A5 – Donna) I think technology can’t be seen as the solution, and we shouldn’t think of teaching and learning as a problem. It’s a process.

A5 – Paul) I think I would disagree to an extent. The student experience was so much about capturing information when I was a student. Now there is such availability of information that there is that space for discussion, for participation. You need great inspiring lecturers and teachers. But technology enables even less good lecturers and teachers to do a better for their students.

Q6) You’ve talked about the learning experience. But digital is transforming the research experience. There is such increasing availability of data. Digital is transforming the way we do research and that wasn’t reflected in those talks.

A6 – David) Absolutely. I touched on data access and research data management – where Jisc is hugely active. We are looking at informing the next REF and how we can play a role in that. Some of the things going on in Janet are focused on support for big data, for CERN, shared data centres for High Performance Computing, for the Crick centre, etc.

A6 – Andrew) From a space point of view research spaces are changing just as radically. The interdisciplinary drive is a big part of that too.

A6 – Donna) There are absolutely parallels between teaching and research staff. Again that issue of dealing with people through digital places to do the work they need to do with their research, but those motivations are still the same, even as technologies change.

Q7) The best practice you are advocating goes against the government’s practice to fit students in like sardines, to save money per head.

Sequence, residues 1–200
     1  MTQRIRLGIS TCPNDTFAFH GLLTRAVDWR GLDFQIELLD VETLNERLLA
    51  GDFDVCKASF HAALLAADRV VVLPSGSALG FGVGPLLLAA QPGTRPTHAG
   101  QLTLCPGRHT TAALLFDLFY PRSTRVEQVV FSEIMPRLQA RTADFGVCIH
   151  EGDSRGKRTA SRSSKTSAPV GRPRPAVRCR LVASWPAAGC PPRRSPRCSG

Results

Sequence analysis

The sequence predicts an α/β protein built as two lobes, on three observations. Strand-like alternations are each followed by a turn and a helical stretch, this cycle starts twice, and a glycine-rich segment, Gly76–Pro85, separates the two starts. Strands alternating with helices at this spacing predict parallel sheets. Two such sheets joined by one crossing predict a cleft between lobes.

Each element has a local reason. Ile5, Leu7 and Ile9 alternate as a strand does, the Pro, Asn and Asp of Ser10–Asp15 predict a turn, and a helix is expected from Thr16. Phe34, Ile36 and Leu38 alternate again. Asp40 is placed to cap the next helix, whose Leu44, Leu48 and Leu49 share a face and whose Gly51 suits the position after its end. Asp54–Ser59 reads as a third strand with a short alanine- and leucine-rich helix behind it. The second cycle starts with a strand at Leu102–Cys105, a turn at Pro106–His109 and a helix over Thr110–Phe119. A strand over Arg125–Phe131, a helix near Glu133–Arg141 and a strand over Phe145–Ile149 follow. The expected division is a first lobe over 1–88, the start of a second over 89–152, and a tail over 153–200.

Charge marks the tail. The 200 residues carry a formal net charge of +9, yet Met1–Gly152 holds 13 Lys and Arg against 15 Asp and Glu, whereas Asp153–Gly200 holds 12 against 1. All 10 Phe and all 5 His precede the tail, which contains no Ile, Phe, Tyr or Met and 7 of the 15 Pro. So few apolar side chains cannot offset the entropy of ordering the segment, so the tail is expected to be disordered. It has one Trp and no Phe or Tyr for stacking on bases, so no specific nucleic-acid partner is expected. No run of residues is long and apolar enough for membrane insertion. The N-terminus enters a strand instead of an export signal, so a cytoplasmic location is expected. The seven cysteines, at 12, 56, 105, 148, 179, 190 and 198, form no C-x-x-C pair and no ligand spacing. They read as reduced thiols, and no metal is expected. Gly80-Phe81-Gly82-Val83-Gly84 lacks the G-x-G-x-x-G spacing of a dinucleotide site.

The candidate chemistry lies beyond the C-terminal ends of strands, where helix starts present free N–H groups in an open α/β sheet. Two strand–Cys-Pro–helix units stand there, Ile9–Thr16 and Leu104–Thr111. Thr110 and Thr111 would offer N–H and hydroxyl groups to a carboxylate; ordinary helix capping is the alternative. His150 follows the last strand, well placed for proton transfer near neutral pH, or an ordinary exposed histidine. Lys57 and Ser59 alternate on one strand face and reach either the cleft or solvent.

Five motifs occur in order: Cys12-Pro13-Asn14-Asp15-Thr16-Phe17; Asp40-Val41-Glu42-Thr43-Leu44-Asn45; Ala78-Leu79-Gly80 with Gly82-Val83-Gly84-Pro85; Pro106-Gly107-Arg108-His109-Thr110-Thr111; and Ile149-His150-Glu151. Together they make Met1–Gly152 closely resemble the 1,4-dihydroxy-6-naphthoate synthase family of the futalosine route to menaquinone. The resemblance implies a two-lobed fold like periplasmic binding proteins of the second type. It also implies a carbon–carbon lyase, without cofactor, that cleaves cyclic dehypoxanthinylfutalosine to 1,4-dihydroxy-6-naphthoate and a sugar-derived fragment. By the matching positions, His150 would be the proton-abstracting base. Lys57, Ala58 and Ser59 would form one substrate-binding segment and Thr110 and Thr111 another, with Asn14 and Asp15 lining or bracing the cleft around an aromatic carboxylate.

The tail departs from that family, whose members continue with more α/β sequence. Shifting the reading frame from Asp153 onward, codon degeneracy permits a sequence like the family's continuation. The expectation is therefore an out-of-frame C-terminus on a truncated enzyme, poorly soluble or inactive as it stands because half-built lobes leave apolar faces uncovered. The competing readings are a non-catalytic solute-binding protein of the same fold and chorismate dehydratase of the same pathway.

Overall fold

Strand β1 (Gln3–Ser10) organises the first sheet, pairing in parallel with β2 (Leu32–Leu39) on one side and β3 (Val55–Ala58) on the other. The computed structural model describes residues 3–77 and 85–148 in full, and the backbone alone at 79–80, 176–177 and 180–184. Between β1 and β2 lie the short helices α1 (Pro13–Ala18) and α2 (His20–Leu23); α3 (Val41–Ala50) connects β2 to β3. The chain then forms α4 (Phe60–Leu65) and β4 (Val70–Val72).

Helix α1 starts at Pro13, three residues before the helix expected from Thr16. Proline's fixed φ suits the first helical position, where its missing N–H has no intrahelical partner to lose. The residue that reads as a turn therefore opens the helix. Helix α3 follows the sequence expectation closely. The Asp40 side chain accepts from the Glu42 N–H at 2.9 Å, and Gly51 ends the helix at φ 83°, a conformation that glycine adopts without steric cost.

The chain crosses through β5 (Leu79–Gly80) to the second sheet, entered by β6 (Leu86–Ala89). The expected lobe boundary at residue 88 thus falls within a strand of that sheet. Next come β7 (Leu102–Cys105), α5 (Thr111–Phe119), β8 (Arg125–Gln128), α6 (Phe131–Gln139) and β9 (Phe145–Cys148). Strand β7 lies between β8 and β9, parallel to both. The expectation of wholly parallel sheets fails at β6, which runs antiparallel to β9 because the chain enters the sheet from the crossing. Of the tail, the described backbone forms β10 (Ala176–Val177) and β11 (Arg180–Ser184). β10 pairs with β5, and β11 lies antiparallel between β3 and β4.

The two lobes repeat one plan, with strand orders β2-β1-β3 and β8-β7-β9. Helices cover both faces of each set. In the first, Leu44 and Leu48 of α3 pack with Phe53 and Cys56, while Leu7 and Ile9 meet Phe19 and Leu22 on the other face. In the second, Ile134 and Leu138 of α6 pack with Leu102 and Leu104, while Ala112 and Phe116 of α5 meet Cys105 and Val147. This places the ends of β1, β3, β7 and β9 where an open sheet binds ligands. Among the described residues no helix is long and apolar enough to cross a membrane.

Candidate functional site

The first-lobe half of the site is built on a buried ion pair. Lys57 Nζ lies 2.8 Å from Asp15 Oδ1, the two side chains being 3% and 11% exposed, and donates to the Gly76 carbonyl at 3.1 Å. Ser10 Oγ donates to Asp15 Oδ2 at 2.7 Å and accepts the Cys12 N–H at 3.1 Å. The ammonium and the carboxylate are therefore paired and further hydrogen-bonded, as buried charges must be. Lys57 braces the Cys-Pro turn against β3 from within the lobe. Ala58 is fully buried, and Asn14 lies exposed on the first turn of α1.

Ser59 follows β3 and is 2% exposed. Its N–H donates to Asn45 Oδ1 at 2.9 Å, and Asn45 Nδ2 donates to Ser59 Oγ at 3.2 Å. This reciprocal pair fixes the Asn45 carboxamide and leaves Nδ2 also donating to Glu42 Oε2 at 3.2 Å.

A7 – Paul) I’m not sure I’d agree that that is the agenda…

A7 – Andrew) All the universities I work with are trying to do more for less. But there is also a rebalancing of use of space… And reimagining or reinventing existing spaces to deal with larger numbers, to improve occupancy. But financially that is challenging too. The fee structures coming in does seem to have really changed the importance of the estate to attract good students and staff. Space is getting more attention at all levels.

A7 – Donna) I hate that particular government agenda. In fact I’m a bit “from the future” in that respect as we’ve had that in the US for longer. I would like to see more support and advocacy from Jisc for the sector for better teaching and research spaces and practices. There is a role for advocacey… So that collectively we don’t agree to do more with less, but to leverage shared agendas to push back on that. Or at least to call governments on their claims that they care about education.

A7 – David) It was ever thus. We have always asked for more. I would say that technology can be beneficial helper here, to reduce costs of delivery, to be more effective in what we do. Operating in the virtual world is more cost effective than a physical space. We can bring in wider audiences, and we can reach more people digitally.

A7 – Paul) My view, having come from the commercial world, is that the government is trying to apply the values of the commercial world on the education sector. But I would ask you to put pressure on your own organisational decision makers as they have a lot more power to make opportunities and to show leadership within that agenda.